Faced with a giant wall of glass, the new concrete extension houses an open-plan living area, dining room and kitchen.
Formerly used as a kitchen, the space next to the master bedroom has been turned into a living area. Retractable shades cover the glazed ceiling and are remotely controlled.
The entertainment box includes built-in shelving and a television mount.
Feng Shui principles have informed the placement of the mirrored surfaces. In the living room, the mirrored panel has been placed so that the tenant can't see himself in the mirror when sitting on the sofa.
The living area has been carved out from the space between the yellow kitchen box and the wood-paneled entertainment box.
A large window at the end of the living space lets in ample natural light.
The living spaces on the ground floor now consist of exposed steelwork with polished concrete, timber surfaces, and large Crittall windows.
are counterbalanced by pared-down concrete flooring and exposed bulbs. In the living area (below), a Tolomeo lamp from Artemide sits near two Longreach sofas from Thonet. A slatted cedar balustrade stretches to the ceiling of the voluminous parlor.
The new addition had to flow seamlessly into the more traditional spaces of the home.
The view out to the garden.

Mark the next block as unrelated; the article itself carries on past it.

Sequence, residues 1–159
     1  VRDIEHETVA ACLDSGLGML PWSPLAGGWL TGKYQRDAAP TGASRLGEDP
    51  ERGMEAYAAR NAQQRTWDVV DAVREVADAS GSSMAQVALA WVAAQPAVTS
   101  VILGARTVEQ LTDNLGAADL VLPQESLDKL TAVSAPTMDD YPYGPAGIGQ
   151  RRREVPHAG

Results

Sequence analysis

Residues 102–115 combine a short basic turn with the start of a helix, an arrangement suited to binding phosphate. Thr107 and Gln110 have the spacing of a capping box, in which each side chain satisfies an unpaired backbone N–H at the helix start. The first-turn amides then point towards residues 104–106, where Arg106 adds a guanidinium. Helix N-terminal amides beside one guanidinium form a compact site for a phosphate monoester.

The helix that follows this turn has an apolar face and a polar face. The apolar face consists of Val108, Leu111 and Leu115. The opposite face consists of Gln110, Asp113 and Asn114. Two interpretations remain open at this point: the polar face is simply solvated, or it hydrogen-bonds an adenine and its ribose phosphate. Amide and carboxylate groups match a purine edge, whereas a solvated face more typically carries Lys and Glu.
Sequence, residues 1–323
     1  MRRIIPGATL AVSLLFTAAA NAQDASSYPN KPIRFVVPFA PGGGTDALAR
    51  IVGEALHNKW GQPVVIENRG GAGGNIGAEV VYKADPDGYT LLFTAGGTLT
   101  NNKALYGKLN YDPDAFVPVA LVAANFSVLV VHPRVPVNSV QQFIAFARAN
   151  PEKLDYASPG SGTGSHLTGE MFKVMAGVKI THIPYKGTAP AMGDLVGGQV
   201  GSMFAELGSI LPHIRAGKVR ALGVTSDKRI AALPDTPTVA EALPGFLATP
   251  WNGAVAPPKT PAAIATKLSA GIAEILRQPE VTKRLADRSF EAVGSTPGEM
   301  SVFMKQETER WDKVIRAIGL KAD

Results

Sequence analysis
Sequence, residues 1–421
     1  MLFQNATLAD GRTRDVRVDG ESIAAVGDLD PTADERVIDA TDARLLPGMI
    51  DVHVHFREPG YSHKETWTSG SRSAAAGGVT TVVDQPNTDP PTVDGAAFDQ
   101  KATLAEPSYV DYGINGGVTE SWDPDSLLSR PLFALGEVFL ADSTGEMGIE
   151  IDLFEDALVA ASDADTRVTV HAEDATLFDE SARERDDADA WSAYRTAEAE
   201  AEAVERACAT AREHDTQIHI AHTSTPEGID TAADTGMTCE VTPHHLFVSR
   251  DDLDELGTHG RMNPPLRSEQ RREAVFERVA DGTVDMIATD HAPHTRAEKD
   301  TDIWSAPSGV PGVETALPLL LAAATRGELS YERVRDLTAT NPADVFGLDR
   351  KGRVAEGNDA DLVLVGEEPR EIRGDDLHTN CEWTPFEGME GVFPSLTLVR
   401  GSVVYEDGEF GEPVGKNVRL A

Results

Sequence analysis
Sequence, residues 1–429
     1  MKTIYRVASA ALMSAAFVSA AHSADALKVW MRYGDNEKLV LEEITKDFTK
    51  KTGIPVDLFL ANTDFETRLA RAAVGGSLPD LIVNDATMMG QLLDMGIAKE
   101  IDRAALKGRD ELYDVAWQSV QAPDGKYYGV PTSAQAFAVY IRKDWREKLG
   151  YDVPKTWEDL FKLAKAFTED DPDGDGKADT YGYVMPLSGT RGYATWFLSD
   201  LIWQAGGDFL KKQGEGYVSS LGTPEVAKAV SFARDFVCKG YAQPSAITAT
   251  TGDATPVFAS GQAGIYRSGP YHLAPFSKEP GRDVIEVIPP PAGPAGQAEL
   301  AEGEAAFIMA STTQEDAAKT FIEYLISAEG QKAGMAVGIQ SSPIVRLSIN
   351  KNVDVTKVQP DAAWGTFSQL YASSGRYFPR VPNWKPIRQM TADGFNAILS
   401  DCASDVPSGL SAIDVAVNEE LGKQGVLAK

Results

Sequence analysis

A pink Wassily chair reworked by Anne Suttles, Noah Marion, and Austin Powder Coating.
A sofa from Conran Shop, and a vintage boucherouite rug from Pink Rug Co.
The nave contains the living and studio space. Taking full advantage of the height and scale of the original structure, the main area allows for adaptation over the lifetime of the building.
Concrete, which reflects the color of the surrounding dunes, serves as a coherent binding material that connects all the interior spaces.
The materials that have been used for the façade, together with the enfilade of spaces of the new volume, echo the local architecture of the elongated farmhouses in the area.
Villa K enjoys stunning views of the nearby Atlas Mountains.
"We are able to...take full advantage of the northern orientation, introducing passive solar design techniques, which allows the design to maximize its thermal efficiency," says MODO founder Michael Ong.
Thanks to cleverly designed built-in storage systems, clutter is neatly concealed throughout.

The modern living room is one of the busiest spots in the house. It is where family and friends alike gather to share stories, watch movies, read, and unwind. As you'll find in the projects below, there are endless ways to configure a fresh living space with modern options for chairs and sofas, sectionals, end and coffee tables, bookcases, benches, and more. Innovative fireplaces add a touch of warmth.